Centre in Line Barracks will be upgraded.

326. For a safer and more secure Mauritius, we also need a Fire and
Rescue Service that responds quickly and effectively.

327. I am therefore providing for the acquisition of:

 a vehicle for rapid and effective intervention during

incidents involving hazardous materials;

 3 Swift Water Rescue Vehicles; and

 3 more water tenders.

328. I am also providing for a Fire Safety and Prevention Information

Management System to improve response time.


329. To uphold the rule of law in our country, we must also have a
strong Judiciary.

330. The Supreme Court Building will be completed by the end of

this year.

331. Going forward, I am making provision for a New District Court

for Upper Plaines Wilhems on State Land at Forest Side.

332. All District Courts will be maintained and upgraded to ensure

better services.

333. A modern computerized revenue collection system will be

introduced to allow on-line payment of fines and other fees.

334. New legislations will be introduced to set up a separate Court of
Appeal, a separate Land Division of the Supreme Court and a
Children’s Court.

335. Madam Speaker, we want to see justice restored in the cases

of dispossession of land, highlighted before the Truth and
Justice Commission. To this end, I am pleased to announce
that a Land Research and Monitoring Unit and a Special Fund
will be set up under the Ministry of Housing and Lands. An
amount of Rs 50 million has been earmarked for that Fund.



336. I now come to the challenge of climate change.

337. An increasing number of our citizens are taking at heart the

concern about the resilience of our environment and the
sustainability of our country’s development.

338. It is a concern that this Government also shares and that is why
we are doing the most that we can afford, to protect and
enhance the environment.

Mitigating the Impact of and Adapting to Climate Change

339. To mitigate the impact of and adapt to climate change,

40 high risk flood prone sites have been identified across the
island. And Rs 650 million have been earmarked for carrying
out drainage works in these areas, including in Fond Du Sac,
Cottage, Amitié, Gokhoola, Mapou, Résidence Roma,
Résidence La Cure, Le Hochet Terre Rouge,
Pointe aux Sables, Baie du Tombeau, Morcellement Raffray,
Résidence Hibiscus Flacq, Montagne Blanche, Coromandel,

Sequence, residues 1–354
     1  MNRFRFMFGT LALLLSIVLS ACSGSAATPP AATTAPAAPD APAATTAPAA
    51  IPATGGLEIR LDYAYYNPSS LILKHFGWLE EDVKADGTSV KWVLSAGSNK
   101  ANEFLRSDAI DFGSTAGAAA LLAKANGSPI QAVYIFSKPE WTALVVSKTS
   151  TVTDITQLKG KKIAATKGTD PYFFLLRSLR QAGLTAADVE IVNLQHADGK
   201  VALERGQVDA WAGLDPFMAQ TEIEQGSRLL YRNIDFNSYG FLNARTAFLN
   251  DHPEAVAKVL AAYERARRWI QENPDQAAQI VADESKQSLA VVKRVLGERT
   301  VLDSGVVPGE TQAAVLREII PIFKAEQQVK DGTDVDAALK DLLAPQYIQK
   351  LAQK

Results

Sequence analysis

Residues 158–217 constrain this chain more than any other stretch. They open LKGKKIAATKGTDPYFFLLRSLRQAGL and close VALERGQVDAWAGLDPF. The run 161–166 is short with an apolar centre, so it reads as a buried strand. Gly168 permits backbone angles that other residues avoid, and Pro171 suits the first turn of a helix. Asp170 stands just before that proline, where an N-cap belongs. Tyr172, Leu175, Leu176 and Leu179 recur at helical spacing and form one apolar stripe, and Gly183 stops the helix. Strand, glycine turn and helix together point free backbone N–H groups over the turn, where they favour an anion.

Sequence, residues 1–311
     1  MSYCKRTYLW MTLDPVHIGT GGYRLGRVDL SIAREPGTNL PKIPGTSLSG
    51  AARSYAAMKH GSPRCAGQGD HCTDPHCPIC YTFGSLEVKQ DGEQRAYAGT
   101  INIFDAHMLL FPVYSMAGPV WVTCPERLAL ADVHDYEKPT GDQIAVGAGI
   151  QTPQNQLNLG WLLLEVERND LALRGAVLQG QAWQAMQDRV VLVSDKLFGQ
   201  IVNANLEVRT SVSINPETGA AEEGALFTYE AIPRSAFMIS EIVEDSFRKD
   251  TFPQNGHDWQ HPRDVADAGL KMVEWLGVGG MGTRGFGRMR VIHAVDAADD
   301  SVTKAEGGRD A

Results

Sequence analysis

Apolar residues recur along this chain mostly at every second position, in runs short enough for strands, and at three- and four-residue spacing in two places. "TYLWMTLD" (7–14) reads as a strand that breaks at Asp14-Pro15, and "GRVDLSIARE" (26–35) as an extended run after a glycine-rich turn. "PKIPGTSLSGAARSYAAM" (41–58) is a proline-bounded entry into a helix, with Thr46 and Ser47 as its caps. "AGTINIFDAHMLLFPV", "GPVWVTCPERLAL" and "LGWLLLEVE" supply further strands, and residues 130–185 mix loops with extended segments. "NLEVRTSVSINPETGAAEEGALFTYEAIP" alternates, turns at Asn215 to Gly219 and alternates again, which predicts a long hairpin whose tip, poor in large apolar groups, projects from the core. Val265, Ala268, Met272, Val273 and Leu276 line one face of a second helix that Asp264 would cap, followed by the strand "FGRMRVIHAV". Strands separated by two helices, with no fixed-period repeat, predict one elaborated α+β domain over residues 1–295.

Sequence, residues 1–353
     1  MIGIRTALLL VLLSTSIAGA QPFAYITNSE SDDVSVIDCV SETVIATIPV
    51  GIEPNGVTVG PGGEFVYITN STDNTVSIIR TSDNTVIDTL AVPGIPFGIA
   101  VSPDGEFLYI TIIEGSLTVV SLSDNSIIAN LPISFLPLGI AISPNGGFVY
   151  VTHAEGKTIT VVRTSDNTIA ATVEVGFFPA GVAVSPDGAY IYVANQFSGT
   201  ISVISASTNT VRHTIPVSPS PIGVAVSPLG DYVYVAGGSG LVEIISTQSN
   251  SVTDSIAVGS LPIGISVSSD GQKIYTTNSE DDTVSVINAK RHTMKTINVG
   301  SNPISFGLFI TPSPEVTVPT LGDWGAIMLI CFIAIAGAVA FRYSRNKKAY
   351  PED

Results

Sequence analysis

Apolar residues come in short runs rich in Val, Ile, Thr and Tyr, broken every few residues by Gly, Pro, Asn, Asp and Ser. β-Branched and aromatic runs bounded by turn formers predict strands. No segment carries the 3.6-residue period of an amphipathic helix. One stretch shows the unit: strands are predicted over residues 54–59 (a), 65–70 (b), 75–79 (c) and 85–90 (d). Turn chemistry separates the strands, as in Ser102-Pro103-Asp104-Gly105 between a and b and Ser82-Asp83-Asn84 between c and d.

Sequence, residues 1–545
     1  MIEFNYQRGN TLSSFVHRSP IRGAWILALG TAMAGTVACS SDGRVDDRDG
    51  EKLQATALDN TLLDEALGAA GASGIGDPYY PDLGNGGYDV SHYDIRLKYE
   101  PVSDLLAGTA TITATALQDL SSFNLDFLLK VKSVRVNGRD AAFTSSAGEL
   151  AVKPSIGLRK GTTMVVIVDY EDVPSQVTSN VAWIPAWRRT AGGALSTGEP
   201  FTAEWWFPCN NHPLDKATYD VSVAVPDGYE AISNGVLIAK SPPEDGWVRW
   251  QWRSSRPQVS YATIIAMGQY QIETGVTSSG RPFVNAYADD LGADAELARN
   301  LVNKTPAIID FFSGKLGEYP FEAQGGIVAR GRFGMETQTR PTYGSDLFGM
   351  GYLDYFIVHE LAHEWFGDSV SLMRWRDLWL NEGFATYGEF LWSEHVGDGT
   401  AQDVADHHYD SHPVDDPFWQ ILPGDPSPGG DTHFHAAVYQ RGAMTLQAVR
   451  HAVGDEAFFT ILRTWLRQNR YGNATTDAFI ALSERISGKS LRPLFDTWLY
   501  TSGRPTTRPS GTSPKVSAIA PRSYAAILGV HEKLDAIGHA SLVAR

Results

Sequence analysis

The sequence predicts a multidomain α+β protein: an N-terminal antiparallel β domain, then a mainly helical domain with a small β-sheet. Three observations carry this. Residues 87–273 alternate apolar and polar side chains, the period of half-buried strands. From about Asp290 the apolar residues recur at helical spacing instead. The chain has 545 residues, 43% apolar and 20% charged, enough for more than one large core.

Nouvelle France, Plaine Magnien, Carreau Esnouf,
Trois Boutiques, Chemin Grenier, Tranquebar, Vallée Pitot,
Belle Source Pamplemousses, Clémencia, Rivière des
Anguilles, Bambous, Richelieu, Port Mathurin and other sites in

340. I wish to highlight that to date, around 50 percent of drainage

works at Cottage have been completed and works at
Fond du Sac have already started. Moreover, works at
Tranquebar, namely at Canal Kitchry and Bangladesh are
expected to be completed in early 2020.

341. The Land Drainage Authority is being reinforced and it will enlist
5 Technical Experts to provide assistance for better planning
and emergency response.

Fostering the Production and Use of Local Renewable

Sources of Energy

342. Another crucial leg of our sustainability strategy is the shifting to

clean and renewable sources of energy away from fossil fuel.

343. This is a long term endeavour that we will continue to pursue


344. First, Government is coming up with a Renewable Energy
Roadmap to optimise the use of the various renewable sources
of energy to produce electricity. This will facilitate private
investment in the renewable energy sector.

345. Second, to give a fillip to the production of electricity from solar

sources, the imposition that a producer can produce from solar
energy sources only 30 percent of the electricity it consumes is
being removed. Moreover, the monthly fee for supplying
electricity from solar energy sources to the national grid is being

346. Third, a Waste to Energy project will be implemented where

some 1,000 tons of municipal solid wastes will be used to
generate some 20 MW of electricity.

347. Fourth, CEB will introduce a new scheme for the installation of
Solar PV systems for religious bodies. They will thus benefit
from part of their electricity consumption free of charge.

348. Fifth, for domestic customers and Social, Religious and

Charitable organisations who are located up to 5 poles away
from the grid, CEB will provide connection, free of charge.

349. And sixth, as a major first step to pave the way for automatic
metering and development of the smart grid, the CEB will install
75,000 smart meters over the next 3 years to replace the
traditional electro-mechanical ones. This is in addition to the
25,000 smart meters already installed.

Pursuing the Moris Nou Zoli Pei Campaign

350. Madam Speaker, the lack of cleanliness, be it for our beaches,

lagoons, streets and all areas for living and doing business, can
become a serious impediment to health and quality of life for
our citizens and the attractiveness of Mauritius as a tourist

351. This needs to be addressed with a sense of urgency. And it

requires a national collective effort – a change in mind-set and

352. It is our duty and responsibility towards our youths and the
upcoming generations to engage in a transformation of our
society towards a sustainable and environmentally friendly

353. That is why two years ago, I initiated the Moris Nou Zoli Pei
campaign, alongside citizens in different localities. Ensuring a
clean and sustainable environment is my personal struggle for
our country.

354. Our strategy is three-fold:

First, engaging in the cleaning and embellishment of our